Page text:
Xenophon, creator; , Xenophon Memorabilia, Oeconomicus Symposium, Apology; Todd, O. J. (Otis Johnson), translator; Marchant, E. C. (Edgar Cardew), 1864-1960, editor; Todd, O. J. (Otis Johnson), editor, translator

Come, said Philip, let me have some flute music, so that I may dance too. So he got up and mimicked in detail the dancing of both the boy and the girl.

To begin with, since the company had applauded the way the boy’s natural beauty was increased by the grace of the dancing postures, Philip made a burlesque out of the performance by rendering every part of his body that was in motion more grotesque than it naturally was; and whereas the girl had bent backward until she resembled a hoop, he tried to do the same by bending forward. Finally, since they had given the boy applause for putting every part of his body into play in the dance, he told the flute girl to hit up the time faster, and danced away, flinging out legs, hands, and head all at the same time;

and when he was quite exhausted, he exclaimed as he laid himself down: Here is proof, gentlemen, that my style of dancing, also, gives excellent exercise; it has certainly given me a thirst; so let the servant fill me up the big goblet.

Certainly, replied Callias; and the same for us, for we are thirsty with laughing at you. Here Socrates again interposed. Well, gentlemen, said he, so far as drinking is concerned, you have my hearty approval; for wine does of a truth moisten the soul[*](Apparently a reminiscence of Aristophanes’ Knights, 96.) and lull our griefs to sleep just as the mandragora does with men, at the same time awakening kindly feelings as oil quickens a flame.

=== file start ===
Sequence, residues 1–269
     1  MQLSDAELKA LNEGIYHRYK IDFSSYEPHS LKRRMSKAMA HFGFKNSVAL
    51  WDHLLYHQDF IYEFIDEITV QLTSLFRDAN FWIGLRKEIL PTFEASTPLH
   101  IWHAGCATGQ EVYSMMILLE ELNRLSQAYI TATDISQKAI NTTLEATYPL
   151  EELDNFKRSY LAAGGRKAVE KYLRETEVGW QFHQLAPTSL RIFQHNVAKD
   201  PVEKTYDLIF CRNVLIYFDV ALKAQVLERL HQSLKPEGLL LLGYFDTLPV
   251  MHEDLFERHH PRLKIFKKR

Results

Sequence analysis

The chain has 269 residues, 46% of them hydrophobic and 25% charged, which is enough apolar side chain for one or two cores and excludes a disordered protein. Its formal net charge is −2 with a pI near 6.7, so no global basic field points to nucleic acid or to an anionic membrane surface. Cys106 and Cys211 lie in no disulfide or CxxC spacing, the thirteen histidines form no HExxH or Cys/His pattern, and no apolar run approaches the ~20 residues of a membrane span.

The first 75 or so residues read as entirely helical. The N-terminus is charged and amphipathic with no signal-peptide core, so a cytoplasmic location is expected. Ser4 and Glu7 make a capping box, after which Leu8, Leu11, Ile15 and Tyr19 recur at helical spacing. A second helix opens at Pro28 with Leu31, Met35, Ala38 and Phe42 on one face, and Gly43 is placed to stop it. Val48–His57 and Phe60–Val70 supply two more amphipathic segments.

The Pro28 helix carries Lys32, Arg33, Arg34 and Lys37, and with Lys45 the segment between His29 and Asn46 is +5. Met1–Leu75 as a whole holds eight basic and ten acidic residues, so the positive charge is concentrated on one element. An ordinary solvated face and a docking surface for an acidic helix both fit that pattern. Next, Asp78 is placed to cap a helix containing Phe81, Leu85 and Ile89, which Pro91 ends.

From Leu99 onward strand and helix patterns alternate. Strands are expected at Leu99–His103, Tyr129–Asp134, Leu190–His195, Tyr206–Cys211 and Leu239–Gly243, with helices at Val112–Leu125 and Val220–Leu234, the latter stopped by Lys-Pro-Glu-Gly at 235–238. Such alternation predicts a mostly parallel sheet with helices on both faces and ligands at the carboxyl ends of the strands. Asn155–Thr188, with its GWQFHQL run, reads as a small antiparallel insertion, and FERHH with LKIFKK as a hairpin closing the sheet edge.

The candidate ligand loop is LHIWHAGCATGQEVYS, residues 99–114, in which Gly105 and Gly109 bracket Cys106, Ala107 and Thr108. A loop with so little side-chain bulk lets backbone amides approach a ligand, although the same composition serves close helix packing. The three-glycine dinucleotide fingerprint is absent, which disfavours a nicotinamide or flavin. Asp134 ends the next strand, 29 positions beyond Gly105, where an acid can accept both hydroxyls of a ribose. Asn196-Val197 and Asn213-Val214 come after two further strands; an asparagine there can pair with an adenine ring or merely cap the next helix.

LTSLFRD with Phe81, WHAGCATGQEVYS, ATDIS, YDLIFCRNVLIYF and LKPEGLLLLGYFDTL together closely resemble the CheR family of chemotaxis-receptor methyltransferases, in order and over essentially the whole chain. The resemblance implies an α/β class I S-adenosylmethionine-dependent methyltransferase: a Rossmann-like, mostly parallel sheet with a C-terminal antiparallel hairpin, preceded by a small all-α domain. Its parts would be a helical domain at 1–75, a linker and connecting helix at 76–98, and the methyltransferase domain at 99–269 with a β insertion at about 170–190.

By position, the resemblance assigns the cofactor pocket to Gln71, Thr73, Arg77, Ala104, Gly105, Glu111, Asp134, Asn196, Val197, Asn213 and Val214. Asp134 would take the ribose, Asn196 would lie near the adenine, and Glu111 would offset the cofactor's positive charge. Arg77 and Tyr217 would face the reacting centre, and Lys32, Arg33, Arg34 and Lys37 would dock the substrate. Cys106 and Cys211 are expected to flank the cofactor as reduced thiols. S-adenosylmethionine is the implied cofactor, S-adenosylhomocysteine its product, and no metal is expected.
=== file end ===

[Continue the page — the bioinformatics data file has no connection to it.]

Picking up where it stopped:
However, I suspect that men’s bodies fare the same as those of plants that grow in the ground. When God gives the plants water in floods to drink, they cannot stand up straight or let the breezes blow through them; but when they drink only as much as they enjoy, they grow up very straight and tall and come to full and abundant fruitage.

So it is with us. If we pour ourselves immense draughts, it will be no long time before both our bodies and our minds reel, and we shall not be able even to draw breath, much less to speak sensibly; but if the servants frequently besprinkle us—if I too may use a Gorgian[*](Gorgias was a famous contemporary orator and teacher of rhetoric, whose speeches, though dazzling to inexperienced audiences, were over-formal and ornate. Some of his metaphors drew the criticism of Aristotle as being far-fetched. Cf. Aristot. Rhet. 3.3.4 (1406b 4 ff.).) expression—with small cups, we shall thus not be driven on by the wine to a state of intoxication, but instead shall be brought by its gentle persuasion to a more sportive mood.

This resolution received a unanimous vote, with an amendment added by Philip to the effect that the wine-pourers should emulate skilful charioteers by driving the cups around with ever increasing speed. This the wine-pourers proceeded to do.